Nationals feel they can contend now

ROB MAADDI AP Sports Writer Published:

TAMPA, Fla. (AP) -- Gio Gonzalez heard the rumors that the Philadelphia Phillies were interested before the Washington Nationals traded for him.

He's just fine with that.


"I'm happy here," Gonzalez said after a spring outing against the New York Yankees.

These aren't the same old Nationals, who are used to being the doormats of the NL East. They haven't had a winning season since they were the Montreal Expos, and have finished last five times during their seven years in Washington.

But the Nationals are optimistic they can make a move in a division that might be even tougher now than recent years.

"We want to be in the playoffs," closer Drew Storen said. "We're not saying we just want to be .500. We want to be playing in October and we want to win it."

The Phillies have owned the East, winning five straight division titles. They still have a staff full of aces, but injuries to key offensive players -- Ryan Howard and Chase Utley -- and age are a factor. The Phillies still are the favorites, but other teams have narrowed the gap.

The Miami Marlins improved with the offseason additions of Jose Reyes, Heath Bell, Mark Buehrle and Carlos Zambrano.

The Atlanta Braves should be better after leading the wild-card race most of last year until a late-September collapse.

Then there's the Nationals. They started showing signs of going for it when they signed outfielder Jayson Werth away from the Phillies before last season. They even pursued Prince Fielder during the offseason. Werth struggled trying to live up to his $126 million contract. Still, he's one of the cornerstones on an offense that includes Ryan Zimmerman, Michael Morse, Ian Desmond and Danny Espinosa.

Bryce Harper might not be too far away from joining them, too. Harper, the No. 1 overall pick in the 2010 draft, came to camp with a chance to win the starting job in right field. The 19-year-old missed a week with a strained left calf, and moved to center field when he returned. He'll likely start the season in the minors, but could be up at some point.

The Nationals finished strong last season, going 80-81. It was their highest win total since they went 81-81 in their first year in Washington in 2005.

"It's a new year. Whatever happened last year, you focus on the new year," outfielder Roger Bernadina said. "The front office did a great job getting new pitchers in here. That builds confidence in the clubhouse. Guys in the offseason did things to get better."

Getting Gonzalez in a deal with Oakland bolstered the starting rotation. The 26-year-old lefty fits nicely between right-handers Stephen Strasburg and Jordan Zimmerman. He was 16-12 with a 3.12 ERA last year.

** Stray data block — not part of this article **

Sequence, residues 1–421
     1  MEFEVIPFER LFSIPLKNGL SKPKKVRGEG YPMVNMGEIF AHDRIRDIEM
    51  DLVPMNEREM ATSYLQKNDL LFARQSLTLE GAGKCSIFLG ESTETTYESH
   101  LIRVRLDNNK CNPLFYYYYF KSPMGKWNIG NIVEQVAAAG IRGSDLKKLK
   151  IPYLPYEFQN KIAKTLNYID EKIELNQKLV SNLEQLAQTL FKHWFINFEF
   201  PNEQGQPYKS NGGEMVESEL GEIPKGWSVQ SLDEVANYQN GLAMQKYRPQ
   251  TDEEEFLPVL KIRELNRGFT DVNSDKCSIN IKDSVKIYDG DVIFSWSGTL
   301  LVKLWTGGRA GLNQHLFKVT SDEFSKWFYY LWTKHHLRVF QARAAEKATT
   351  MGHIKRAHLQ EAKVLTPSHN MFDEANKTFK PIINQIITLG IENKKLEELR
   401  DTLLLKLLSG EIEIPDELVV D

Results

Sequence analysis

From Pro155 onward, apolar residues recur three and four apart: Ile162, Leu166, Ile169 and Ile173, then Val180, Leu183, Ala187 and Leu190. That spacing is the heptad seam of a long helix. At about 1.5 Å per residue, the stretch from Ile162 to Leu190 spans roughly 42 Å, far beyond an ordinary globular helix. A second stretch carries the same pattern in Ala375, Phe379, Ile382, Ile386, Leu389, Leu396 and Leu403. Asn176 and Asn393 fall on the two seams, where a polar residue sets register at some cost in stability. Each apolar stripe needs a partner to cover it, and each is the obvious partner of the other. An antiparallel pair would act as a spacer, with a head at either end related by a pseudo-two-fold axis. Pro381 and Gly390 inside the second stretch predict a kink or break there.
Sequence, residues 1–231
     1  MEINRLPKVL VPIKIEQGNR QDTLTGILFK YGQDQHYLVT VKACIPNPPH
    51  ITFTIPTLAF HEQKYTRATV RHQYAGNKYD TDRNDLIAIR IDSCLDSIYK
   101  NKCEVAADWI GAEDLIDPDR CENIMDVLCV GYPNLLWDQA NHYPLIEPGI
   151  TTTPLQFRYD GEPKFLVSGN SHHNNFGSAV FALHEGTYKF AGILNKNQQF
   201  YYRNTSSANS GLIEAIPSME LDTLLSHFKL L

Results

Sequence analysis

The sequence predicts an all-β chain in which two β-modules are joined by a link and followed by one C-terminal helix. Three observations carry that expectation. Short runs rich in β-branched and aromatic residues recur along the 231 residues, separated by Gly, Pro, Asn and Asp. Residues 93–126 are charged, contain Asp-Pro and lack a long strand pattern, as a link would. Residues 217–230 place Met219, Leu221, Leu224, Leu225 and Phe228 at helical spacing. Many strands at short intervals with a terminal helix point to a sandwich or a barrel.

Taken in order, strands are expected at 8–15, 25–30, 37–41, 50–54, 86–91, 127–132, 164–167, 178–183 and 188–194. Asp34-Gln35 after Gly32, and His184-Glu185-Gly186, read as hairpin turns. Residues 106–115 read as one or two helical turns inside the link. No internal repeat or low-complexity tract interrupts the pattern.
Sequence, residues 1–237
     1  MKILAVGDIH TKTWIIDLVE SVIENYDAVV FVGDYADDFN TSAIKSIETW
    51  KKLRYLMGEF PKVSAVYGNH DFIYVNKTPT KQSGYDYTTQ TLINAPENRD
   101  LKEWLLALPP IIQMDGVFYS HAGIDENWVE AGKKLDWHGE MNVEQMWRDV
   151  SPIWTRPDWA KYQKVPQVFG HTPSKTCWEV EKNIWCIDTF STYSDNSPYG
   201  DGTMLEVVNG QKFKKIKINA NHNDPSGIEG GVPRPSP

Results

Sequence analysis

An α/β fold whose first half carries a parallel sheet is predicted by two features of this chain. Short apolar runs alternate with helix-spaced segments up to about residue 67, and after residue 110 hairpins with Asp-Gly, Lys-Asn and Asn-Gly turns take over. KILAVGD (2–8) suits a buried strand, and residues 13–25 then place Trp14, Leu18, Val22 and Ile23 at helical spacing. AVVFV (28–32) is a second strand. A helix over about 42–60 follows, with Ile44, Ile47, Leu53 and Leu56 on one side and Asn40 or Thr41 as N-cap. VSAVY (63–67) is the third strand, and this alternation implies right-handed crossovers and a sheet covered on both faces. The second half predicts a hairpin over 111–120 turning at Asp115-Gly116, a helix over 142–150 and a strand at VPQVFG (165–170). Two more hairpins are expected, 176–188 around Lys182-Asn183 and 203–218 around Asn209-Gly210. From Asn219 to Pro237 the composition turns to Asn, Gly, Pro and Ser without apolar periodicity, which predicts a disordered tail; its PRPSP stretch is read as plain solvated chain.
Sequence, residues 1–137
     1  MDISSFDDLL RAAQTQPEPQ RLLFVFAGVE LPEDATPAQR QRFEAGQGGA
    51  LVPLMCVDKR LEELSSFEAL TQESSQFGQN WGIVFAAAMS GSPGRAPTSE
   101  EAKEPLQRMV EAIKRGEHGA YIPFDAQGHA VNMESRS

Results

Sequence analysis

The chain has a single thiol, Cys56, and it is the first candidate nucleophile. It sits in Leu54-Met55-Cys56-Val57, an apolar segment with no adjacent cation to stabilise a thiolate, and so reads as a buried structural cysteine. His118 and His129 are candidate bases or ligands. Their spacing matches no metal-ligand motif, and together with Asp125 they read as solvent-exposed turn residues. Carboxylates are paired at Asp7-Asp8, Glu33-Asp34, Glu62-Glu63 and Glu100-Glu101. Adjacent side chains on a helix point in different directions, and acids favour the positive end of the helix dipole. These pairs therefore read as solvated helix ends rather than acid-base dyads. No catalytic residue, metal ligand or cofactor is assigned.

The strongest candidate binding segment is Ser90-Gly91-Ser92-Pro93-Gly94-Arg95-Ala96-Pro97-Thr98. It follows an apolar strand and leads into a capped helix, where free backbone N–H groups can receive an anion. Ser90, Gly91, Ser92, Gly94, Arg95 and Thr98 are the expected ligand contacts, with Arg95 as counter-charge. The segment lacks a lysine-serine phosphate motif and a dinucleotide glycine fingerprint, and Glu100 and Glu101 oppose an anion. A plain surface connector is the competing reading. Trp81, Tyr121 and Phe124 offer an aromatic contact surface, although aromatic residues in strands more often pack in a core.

The Nationals also added veteran Edwin Jackson to the rotation. Jackson earned a World Series ring with St. Louis, beating the Phillies in Game 4 of the NL division series along the way. Washington signed former Phillies closer Brad Lidge to add bullpen depth behind Storen and All-Star Tyler Clippard.

"We're right up there with any rotation," Espinosa said. "With the East being a tough division, we have to have that kind of pitching. We have confidence in every single pitcher and know that they can keep it a low-scoring game, which should give us a chance to win a lot of games."

Gonzalez isn't that boastful.

"As long as we stay healthy and stay focused and have the drive, we want to be up there, we want to be with the best and obviously Philadelphia has been holding that title for a while," Gonzalez said. "But we want to go out there and do our best and compete with them. We're trying to play it one step at a time and not think that far ahead. We have a lot of work to do."

Strasburg is the key to the rotation. The kid with the 100 mph fastball was a national phenomenon before elbow surgery. He returned to make five starts down the stretch last year, and is expected to be the ace of a promising staff.

"Strasburg's got a chance to be some kind of big pitcher," Phillies manager Charlie Manuel said. "He has a chance to be the best pitcher in baseball."

That's high praise from a manager who has Roy Halladay, Cliff Lee and Cole Hamels on his staff. Strasburg has a 7.45 ERA in three appearances this spring, but he's just working on his command. His arm feels strong and he's firing those fastballs.

Atlanta's Chipper Jones was impressed with Strasburg's stuff after facing him in an exhibition game last week.

"I saw a 93 mph changeup. It was sick!" Jones said.

Maybe they'll be talking like that about the rest of the Nats this year.